“I enjoy learning the subject material greatly, and I really like the fact that my professor can provide both simple and more complex examples when I need clarification on a topic. He knows the material very well, and it is clear he enjoys teaching and talking about the material very much.”
“The topic of economics interests me as I am pursueing [sic] a degree in Business and Finance. I like the format of the class, mixing slides, videos, real world applications to structured and detailed lecture.”
“The powerpoints really add to discussion because there is time for the student to think and discuss topics rather than writing all the notes. Many reinforcing examples and exercises are utilized to help explain ideas.”
“I like this course because of Dr. Patel. He makes Economics easy and fun to learn. He puts his information and knowledge into terms that can be understood. He uses real life scenarios to explain his lessons. I am a visual learning and he allows my way of learning to be shown in his lectures.”
“Understanding of the professor. Willingness to provide extra help. Very open to suggestions and keeps students engaged in the material.”
“I like the in class examples, for instance the bidding game at the beginning of the year with the tickets it really brings things down to a level that I can understand.”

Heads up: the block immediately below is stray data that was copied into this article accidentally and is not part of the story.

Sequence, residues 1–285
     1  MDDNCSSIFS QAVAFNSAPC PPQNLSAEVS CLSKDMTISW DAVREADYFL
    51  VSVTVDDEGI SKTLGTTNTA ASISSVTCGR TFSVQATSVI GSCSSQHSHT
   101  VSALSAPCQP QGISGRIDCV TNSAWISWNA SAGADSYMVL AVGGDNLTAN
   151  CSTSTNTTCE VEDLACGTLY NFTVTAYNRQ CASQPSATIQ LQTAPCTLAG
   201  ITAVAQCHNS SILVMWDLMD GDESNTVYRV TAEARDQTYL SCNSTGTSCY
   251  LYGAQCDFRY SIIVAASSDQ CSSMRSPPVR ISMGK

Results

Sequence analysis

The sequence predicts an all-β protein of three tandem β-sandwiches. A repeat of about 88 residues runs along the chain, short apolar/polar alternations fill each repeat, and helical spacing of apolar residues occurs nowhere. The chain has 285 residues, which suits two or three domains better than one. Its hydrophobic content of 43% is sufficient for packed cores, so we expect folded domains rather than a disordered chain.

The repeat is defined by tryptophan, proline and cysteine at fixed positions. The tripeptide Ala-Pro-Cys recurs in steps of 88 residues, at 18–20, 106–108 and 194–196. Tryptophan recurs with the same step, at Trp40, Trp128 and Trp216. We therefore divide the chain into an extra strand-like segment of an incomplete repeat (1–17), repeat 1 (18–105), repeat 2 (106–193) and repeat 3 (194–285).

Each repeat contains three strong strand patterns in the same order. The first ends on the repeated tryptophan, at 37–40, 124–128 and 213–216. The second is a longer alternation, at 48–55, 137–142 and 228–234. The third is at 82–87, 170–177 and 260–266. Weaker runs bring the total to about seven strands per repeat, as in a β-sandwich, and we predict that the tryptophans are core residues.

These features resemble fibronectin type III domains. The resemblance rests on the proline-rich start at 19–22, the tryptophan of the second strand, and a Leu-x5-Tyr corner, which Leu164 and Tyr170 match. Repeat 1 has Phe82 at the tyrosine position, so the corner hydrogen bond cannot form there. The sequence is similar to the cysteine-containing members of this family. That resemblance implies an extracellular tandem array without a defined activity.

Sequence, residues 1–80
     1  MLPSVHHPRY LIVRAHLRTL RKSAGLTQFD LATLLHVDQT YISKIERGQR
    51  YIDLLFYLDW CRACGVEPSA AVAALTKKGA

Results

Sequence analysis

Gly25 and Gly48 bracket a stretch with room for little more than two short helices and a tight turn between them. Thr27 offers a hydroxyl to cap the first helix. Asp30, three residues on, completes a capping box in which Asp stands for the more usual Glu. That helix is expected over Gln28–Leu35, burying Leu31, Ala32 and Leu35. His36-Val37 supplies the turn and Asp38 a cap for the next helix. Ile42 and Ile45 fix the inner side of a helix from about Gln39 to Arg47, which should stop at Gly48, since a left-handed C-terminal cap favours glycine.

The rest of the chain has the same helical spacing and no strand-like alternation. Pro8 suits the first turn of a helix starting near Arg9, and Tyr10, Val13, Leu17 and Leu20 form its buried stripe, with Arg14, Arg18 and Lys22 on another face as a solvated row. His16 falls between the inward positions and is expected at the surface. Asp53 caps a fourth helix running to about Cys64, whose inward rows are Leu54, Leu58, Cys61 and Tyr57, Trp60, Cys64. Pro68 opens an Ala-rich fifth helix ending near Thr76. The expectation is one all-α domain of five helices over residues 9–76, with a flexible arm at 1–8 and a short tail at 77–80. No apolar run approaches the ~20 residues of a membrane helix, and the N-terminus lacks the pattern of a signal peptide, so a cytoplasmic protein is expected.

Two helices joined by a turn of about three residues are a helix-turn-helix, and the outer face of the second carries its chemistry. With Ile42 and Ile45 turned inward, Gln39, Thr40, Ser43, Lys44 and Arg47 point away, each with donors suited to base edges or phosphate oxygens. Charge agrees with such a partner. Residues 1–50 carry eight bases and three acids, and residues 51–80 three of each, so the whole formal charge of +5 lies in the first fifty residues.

University of Kentucky
“Darshak Patel has done an excellent job relating economics to real-world situations. He has done a great job preparing us for the MBA managerial economics course. He has the ability to make economics interesting, a subject I didn't really care much for during my undergrad years.”
“The quality of teaching exceeded my expectations and I actually enjoyed the class. I have had this class before and I learned more this time than I had previously. The instructor was able to relate the course concepts to everyday life and topics of interest.”
“Great job! Teaching style was very effective. Examples used were most helpful in contributing to understanding of subject matter.”
“I really enjoyed this course. Prof. Patel did a great job of making the material understandable for those of us who did not have a strong background in economics. He went above and beyond to make time for us outside of class, as well.”
“The teacher had great knowledge of the subject. He was down to earth. He was available whenever anyone needed help. The tests were what was taught in class, no outside/textbook questions. The course was challenging yet I feel everyone had a chance to improve”
“Like instructor a lot – he’s doing a really good job for a grad student! Enjoyed the problem sets – they helped a lot. Barely looked at the textbook, didn’t buy the course pack, didn’t need either. In-class instruction and assignments were sufficient for learning.”
“Wonderful instructor, second time taking it and I completely understand the material”